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hm - the apple computers (Mac Pro) are definitely overpriced... The basic configurations seem to me a bit useless for NGS data - the cheapest one (2900 CHFr) ships with an Intel Xeon, 3GB RAM and an ATI Radeon HD 5770... -> not enough RAM and a graphical overkill (as long as you don't want to calculate on the GPU). For only 2000 CHFr you'll get an Intel i7, 24 GB RAM, WD VelociRaptor (600 GB) & a cheap harddrive with 2 TB and a very cheap graphic card. In case you need a good graphic card, you add 300 CHFr more and there you go. Hence - assembling the computer yourself will save a lot of money. And well - if you really want to have the apple OS on it:

http://www.hackintosh.com/
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Old 03-27-2011, 06:13 PM   #5
n00c
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Actually Linux would be first choice because quite a few NGS bioinformatics tools are compiled with Linux in mind (to work on clusters, etc.).

A Mac is nice as a secondary workstation or as a laptop, but I would definitely want to have at least one Linux server/workstation around. Mac Pro is on the expensive side (especially when compared to building your own system), but it is extremely nice hardware, and you can run Linux on it as well (doesn't have to be Mac OS X).

I would not go the Hackintosh route... Either set up a Linux box or get a real Mac.

Last edited by n00c; 03-29-2011 at 05:34 PM.
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Old 03-27-2011, 08:28 PM   #6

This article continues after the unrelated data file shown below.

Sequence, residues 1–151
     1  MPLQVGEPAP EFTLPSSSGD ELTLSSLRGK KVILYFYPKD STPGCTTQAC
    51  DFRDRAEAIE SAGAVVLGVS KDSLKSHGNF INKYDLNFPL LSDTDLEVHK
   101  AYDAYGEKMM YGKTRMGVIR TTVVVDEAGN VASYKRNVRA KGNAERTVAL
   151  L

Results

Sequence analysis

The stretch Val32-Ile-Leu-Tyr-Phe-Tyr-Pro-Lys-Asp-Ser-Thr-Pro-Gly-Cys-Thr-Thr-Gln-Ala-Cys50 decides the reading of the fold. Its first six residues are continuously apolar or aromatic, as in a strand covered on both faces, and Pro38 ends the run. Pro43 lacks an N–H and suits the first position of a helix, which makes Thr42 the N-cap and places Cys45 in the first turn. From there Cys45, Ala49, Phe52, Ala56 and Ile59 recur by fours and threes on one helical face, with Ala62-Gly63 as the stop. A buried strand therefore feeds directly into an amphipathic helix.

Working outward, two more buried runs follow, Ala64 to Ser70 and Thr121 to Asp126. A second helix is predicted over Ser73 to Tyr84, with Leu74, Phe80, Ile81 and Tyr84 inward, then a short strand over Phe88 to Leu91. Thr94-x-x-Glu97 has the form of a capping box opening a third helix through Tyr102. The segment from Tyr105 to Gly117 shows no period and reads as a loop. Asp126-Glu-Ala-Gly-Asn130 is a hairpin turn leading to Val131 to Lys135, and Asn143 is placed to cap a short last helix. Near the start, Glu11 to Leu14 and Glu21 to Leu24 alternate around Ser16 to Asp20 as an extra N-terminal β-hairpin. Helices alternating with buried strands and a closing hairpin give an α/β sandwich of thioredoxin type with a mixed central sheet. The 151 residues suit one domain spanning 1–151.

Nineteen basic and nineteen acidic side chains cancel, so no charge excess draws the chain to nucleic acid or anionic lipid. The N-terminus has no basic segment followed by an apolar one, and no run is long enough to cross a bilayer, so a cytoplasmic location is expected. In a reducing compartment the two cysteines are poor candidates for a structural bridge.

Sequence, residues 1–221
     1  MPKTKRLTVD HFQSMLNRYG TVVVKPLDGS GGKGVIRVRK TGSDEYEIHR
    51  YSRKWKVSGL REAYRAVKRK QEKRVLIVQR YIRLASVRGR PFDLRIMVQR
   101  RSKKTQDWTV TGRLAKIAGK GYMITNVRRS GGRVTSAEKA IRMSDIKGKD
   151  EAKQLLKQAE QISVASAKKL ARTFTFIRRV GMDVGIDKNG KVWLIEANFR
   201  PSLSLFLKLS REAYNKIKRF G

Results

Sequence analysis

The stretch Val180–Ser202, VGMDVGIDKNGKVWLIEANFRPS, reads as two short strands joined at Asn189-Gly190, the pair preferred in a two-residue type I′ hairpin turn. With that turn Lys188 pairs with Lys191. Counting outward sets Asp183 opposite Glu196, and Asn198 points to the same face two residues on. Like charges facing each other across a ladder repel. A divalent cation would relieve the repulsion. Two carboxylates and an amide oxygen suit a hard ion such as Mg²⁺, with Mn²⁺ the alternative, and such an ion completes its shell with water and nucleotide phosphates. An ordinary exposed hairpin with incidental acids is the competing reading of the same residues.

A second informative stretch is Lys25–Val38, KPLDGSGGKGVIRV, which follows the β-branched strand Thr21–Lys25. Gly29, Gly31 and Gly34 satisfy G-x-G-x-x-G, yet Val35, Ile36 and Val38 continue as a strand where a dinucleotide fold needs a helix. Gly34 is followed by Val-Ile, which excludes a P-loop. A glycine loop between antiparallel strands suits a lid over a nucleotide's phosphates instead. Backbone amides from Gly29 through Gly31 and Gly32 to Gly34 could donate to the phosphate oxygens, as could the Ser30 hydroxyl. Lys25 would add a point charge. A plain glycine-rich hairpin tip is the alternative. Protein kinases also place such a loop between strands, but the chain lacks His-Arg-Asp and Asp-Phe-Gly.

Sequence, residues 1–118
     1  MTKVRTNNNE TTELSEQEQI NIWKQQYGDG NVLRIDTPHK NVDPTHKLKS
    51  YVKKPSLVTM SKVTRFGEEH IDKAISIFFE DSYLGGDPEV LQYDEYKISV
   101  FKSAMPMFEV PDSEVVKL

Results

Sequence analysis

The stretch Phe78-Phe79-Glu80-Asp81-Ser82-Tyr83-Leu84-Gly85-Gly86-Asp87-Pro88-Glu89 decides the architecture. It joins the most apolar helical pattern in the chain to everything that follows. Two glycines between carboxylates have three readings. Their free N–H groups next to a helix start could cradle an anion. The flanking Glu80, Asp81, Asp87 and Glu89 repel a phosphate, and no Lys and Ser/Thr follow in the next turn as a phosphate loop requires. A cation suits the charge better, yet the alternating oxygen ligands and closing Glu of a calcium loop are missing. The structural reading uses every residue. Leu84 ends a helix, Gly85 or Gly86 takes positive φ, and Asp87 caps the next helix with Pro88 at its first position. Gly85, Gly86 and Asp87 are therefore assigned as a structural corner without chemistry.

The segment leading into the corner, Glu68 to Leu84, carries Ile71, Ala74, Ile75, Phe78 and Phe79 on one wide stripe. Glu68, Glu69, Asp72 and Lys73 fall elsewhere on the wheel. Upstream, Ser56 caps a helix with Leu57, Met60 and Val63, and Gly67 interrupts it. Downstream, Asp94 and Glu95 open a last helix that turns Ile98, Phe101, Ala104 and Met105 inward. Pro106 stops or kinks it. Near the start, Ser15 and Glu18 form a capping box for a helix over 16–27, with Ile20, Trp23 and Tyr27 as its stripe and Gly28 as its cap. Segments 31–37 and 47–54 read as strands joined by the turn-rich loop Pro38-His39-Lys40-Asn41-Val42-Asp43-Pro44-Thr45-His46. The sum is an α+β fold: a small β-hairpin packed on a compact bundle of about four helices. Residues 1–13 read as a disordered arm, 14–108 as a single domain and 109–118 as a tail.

Kennels
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I would also recommend Ubuntu Linux as it is free, support and information of NGS software and such on this platform is abundant, and installing it is pretty simple. You can find the latest version on its website with step by step instructions on how to install.
I actually have a dual boot system with windows 7 and Linux (use the 'Grub' software to manage the booting up - alot of info about this by googling), though I hardly use Windows - it's just there for the occasional need to use MS office. Ubuntu has the 'OpenOffice' applications that are parallel to Word, excel and powerpoint, though from experience performance isn't as good as MS when the file gets really big.

Beware though of alot of 'Gotchas' when using linux - installing flash or Java, browser plugins and even adobe pdf require some workarounds, but you usually get workaround info after surfing around the net for 5 hours if you're a newbie like me

I built the computer from scratch with 6 CPU cores (AMD phenom) and only 4Gb RAM on a Gigabyte motherboard (it is much cheaper to build from scratch if you're up for it - again lots of resources about this on the web), but you'll find that alot of the software out there are still not designed for parallelization so you'll still be using maybe only 1 or 2 CPUs for any given analysis (actually take that with a grain of salt as some commonly used programs (e.g. bowtie) does have parallelization of CPUs). However, getting as much RAM as possible would definitely benefit you down the road. Also, get as much hard drive space as possible. If you install windows too, give maybe 40 to 60Gb to it and the rest to linux. A well known maker of hard drives is recommended (e.g. seagate) as i've had experience with relatively new HDDs dying with my data on it....